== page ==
Power isn't everything, but sometimes it's all you crave. And that's often the case with phones, where new devices frequently shout about how strong their silicon is in the hope of selling you a handset.
Whenever we review a smartphone at Tom's Guide, we put it through a diverse battery of tests, including several benchmarks testing the phone's CPU, GPU and other processing abilities. But in our reviews we normally only compare two or three phones together, based on what we think you, our readers, are likely to be considering buying. But as it's the end of the year, it's time for a free-for-all battle to see which phone is the most powerful of them all.
After searching through our database of test results, we looked at the top twenty performing phones of the year, and then narrowed down the list so only one phone with each type of chipset was left. Let us introduce you to those handsets now, before the great five-way face-off for the performance crown begins.
The most powerful phones of 2022
We have five phones on this list, each one representing the best scores for a specific type of chipset. Those five are the iPhone 14 Pro Max, iPhone 14, RedMagic 7S Pro, Xiaomi 12 Pro, and Google Pixel 7 Pro.
|iPhone 14 Pro Max||A16 Bionic||6GB|
|iPhone 14||A15 Bionic||6GB|
|RedMagic 7S Pro||Snapdragon 8 Plus Gen 1||12GB, 18GB|
|Google Pixel 7 Pro||Tensor G2||12GB|
|Xiaomi 12 Pro||Snapdragon 8 Gen 1||8GB, 12GB|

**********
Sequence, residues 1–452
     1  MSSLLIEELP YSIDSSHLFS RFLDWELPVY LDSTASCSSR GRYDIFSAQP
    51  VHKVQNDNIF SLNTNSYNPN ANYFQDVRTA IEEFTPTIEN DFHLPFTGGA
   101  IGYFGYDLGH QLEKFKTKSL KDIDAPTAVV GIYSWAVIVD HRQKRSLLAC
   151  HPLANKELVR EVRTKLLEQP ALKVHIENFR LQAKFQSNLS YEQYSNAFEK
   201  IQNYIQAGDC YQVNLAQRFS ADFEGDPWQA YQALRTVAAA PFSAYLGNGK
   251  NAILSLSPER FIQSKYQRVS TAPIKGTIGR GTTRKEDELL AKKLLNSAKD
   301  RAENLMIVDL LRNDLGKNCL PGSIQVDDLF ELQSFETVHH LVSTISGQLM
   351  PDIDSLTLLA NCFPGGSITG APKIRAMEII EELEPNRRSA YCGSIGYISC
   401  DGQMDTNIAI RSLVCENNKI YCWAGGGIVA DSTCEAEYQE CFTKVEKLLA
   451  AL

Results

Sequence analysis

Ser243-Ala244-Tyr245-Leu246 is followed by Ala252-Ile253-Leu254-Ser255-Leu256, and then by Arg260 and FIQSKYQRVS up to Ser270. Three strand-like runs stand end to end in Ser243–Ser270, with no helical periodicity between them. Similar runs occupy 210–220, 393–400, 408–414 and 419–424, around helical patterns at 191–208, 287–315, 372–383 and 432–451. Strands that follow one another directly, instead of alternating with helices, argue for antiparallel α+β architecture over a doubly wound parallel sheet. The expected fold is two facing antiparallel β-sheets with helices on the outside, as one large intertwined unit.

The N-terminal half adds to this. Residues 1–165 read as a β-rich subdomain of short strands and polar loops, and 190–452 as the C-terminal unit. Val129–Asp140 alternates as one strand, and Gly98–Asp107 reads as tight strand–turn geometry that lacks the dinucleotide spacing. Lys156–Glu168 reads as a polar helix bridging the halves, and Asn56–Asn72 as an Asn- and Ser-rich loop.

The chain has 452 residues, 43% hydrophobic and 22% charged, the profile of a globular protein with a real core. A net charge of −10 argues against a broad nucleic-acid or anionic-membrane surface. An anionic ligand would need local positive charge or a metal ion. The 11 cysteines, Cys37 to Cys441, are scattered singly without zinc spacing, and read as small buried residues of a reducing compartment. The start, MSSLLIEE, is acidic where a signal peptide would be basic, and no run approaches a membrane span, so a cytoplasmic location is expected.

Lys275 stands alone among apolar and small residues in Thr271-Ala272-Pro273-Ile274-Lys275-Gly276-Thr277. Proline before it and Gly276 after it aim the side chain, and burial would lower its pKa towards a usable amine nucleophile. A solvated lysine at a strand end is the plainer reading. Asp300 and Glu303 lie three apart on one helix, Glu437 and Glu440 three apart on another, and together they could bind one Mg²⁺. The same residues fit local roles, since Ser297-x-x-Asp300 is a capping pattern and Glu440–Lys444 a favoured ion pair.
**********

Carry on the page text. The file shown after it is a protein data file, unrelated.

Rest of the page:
The new iPhones probably need little introduction. But to explain why there are two of them on this list, we're using the Pro Max version to represent Apple's newest A16 Bionic chip and the standard iPhone 14 to represent the enhanced version of Apple's older A15 chip.
The Xiaomi 12 Pro contains a Snapdragon 8 Gen 1, the same processor found in phones from earlier this year like the Galaxy S22 and OnePlus 10 Pro, but as the highest-scoring, it gets to be the representative of these phones. The RedMagic 7S uses the updated edition of this Qualcomm silicon, the Snapdragon 8 Plus Gen 1, while the Pixel 7 Pro uses a custom Tensor G2 chip from parent company Google. This covers the vast majority of chips found in leading phones sold this year, and should therefore give us the most representative comparisons.
So with our contenders selected, it's time for three rounds of tests to see how these compare to each other. Pick your favorite and read on to see how they do.
Geekbench 5 / Geekbench ML
The Geekbench 5 benchmark tests a phone's CPU, while the ML version sees how well its NPU can perform machine learning tasks. It's the most abstract of the tests here, but it allows for a comparison of overall computing power.
|Single-core score||Multi-core score||TensorFlow Lite NPU score|
|iPhone 14 Pro Max||1,882||5,333||3,165|
|RedMagic 7S Pro||1,331||4,230||2,232|
|Google Pixel 7 Pro||1,060||3,046||1,824|
|Xiaomi 12 Pro||1,249||3,783||1,763|
The iPhones all do exceptionally well on all three of these tests, particularly for single-core results. Even the iPhone 14, which uses the older A15 chipset rather than the newer A16 chipset of the 14 Pro, still compares well on the single-core portion, although it falls behind on multi-core and NPU results.
The best Android phone on these tests were the RedMagic 7S Pro, showing that the best Qualcomm can provide for Android phones doesn't offer the all-emcompassing might of Apple's own silicon, even an older version of it. The Xiaomi 12 Pro comes in next, and is surprisingly far behind its Plus sibling. Finally, we have the Pixel. Google's upfront about the Tensor G2 being focused on machine learning rather than raw performance, but it's odd that the NPU score's still so low.